One of the app developers was invited by the research team to observe this process in action for a week during which an expert panel was evaluating farming enterprises.
The purpose was to observe and understand the current practice with a view to integrating all the tools, processes and data into a single app.
This is how the seeds for the Farm Assessment Toolkit were sown, and about a year later four system developers from the ARC ICT Apps division began the work of designing and develop the FAT app.
It was critical for the technical team to understand what the business needed from the FAT in order to deliver a solution that was fit for purpose.
A prototype development approach was chosen, allowing for iterative and incremental developments which the end users could test and provide feedback on.
The value of this approach is it fosters close consultation between the research and technical teams, which in turn helps ensure the app development is on target and meets expectations.
One of the main development aims of every app is to make it user-friendly and intuitive. The FAT app requires expert guidance – but is easy to follow and logical.
Whilst a farmer could use it him/herself, it is better to have a few experts as part of the process – at this stage it is not freely available and provided as a service package, so the ARC-Agrimetrics team can be approached to evaluate a specific farm enterprise.
The app only provides a portion of the value, the greatest value is in the expert panel made up of experienced scientists who look at every aspect of the farm.
They bring an objective and expert evaluation to the process, tapping into their extensive networks when points are contested or uncertain to settle on the most accurate and scientific answer.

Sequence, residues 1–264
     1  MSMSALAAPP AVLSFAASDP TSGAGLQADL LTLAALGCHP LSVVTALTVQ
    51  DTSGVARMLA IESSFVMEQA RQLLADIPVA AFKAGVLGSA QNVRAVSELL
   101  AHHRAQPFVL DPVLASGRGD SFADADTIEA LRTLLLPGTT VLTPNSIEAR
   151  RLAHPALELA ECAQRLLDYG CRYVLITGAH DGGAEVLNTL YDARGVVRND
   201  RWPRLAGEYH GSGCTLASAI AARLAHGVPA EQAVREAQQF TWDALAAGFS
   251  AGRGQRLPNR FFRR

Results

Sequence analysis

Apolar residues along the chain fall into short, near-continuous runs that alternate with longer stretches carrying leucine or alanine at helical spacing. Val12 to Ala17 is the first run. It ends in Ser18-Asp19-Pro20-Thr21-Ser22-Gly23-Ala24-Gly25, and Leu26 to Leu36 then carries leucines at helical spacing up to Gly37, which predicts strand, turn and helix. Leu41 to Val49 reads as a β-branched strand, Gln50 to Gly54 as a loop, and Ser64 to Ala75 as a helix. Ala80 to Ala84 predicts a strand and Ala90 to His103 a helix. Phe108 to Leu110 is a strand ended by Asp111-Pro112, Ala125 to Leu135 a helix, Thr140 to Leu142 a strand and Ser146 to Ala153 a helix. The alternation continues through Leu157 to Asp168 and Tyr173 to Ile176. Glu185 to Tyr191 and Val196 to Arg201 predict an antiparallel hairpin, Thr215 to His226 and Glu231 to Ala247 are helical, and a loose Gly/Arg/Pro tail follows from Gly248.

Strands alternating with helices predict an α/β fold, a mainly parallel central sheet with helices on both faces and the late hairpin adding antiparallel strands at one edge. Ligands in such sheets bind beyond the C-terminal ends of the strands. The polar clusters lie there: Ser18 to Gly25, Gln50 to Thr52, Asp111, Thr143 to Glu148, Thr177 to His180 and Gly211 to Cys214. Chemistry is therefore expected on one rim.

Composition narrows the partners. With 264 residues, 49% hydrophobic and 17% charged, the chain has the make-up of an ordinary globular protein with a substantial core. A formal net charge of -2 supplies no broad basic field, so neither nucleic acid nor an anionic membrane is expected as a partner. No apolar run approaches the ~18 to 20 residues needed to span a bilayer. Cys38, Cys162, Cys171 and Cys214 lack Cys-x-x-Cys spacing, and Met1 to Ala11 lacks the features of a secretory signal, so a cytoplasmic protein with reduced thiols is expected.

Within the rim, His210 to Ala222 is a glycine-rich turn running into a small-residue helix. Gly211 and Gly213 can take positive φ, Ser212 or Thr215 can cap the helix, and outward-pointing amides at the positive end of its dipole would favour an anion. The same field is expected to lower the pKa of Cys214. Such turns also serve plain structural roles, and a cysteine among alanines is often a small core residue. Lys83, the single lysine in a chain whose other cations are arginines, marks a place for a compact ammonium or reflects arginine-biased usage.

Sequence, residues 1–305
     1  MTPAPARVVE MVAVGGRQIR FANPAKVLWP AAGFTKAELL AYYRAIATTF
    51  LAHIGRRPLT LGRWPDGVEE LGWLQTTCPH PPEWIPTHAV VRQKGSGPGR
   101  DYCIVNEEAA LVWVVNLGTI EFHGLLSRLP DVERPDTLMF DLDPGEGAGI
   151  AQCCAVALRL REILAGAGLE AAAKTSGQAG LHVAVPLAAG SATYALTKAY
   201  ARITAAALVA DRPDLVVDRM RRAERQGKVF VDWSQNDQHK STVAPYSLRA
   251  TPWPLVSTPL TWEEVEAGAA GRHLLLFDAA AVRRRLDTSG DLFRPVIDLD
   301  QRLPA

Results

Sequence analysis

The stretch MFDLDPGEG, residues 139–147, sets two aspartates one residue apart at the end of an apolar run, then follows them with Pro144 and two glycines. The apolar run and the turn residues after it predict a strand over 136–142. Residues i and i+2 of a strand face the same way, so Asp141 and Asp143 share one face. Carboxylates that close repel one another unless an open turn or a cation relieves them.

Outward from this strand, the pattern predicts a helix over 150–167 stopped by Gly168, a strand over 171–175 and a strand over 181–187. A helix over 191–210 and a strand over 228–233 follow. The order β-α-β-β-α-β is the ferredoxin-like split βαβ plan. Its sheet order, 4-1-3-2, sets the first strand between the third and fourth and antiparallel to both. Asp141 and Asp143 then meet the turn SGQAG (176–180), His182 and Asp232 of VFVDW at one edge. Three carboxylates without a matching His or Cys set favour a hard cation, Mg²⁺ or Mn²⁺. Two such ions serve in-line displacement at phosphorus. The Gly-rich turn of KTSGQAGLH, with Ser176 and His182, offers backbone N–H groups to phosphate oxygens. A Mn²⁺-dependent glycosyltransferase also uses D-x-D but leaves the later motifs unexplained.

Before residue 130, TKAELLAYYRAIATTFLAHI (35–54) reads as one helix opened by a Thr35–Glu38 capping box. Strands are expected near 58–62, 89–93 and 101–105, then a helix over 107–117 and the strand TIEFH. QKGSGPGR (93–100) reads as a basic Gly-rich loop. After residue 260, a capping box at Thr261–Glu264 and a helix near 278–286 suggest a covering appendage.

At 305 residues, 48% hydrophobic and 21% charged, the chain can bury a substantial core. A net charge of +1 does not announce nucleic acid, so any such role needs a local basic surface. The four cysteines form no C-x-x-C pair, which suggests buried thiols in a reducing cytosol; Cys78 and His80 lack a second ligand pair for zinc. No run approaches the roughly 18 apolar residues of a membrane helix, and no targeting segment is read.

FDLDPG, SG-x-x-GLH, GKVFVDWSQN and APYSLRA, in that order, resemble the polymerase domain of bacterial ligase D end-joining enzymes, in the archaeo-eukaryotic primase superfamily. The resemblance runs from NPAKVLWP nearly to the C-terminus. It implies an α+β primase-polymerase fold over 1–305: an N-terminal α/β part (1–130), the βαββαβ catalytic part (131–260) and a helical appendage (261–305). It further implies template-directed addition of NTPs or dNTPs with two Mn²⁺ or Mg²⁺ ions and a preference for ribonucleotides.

The ARC ICT Apps division is always working on new apps and systems, as well as behind the scenes on the data projects that are the lifeblood of the apps.
These new apps are guided by requests from the ARC campuses, and we are always excited to work on a new app that focuses on a different or emerging field.
One of the challenges is with marketing the apps, and then the time to demonstrate the apps to end users.
One of the means to overcome this is by making use of visuals to easily and quickly communicate our message to the end users – we do this through the app itself using visual interfaces, graphs and charts to simplify complex data, and communicating through videos.
This helps to overcome the challenge of catering for users with different languages as well as low literacy levels.
Getting the latest research results to farmers is one of the important mandates of the ARC, and there is an increasing focus on apps to help ensure this information dissemination keeps up with the changing times.
The older generation of farmers still tend to prefer hard copies and paper-based reports, however the adoption rate of apps is expected to accelerate, especially among the younger generation of up-and-coming farmers.
This means we also have to ensure that the data that are crucial to the apps and systems are maintained and kept up to date so that the information we provide is current and relevant.
The FAT app is kept up to date with new commodity data and new, relevant information. The beauty of the app lies in its adaptability.
The app team consists of Philip Beukes, Gert de Nysschen, Zibusiso Ncube and Graham Buchanan. The research team includes Dr Aart-Jan Verschoor and Dr Ben Greyling.
Email Dr Ben Greyling at [email protected].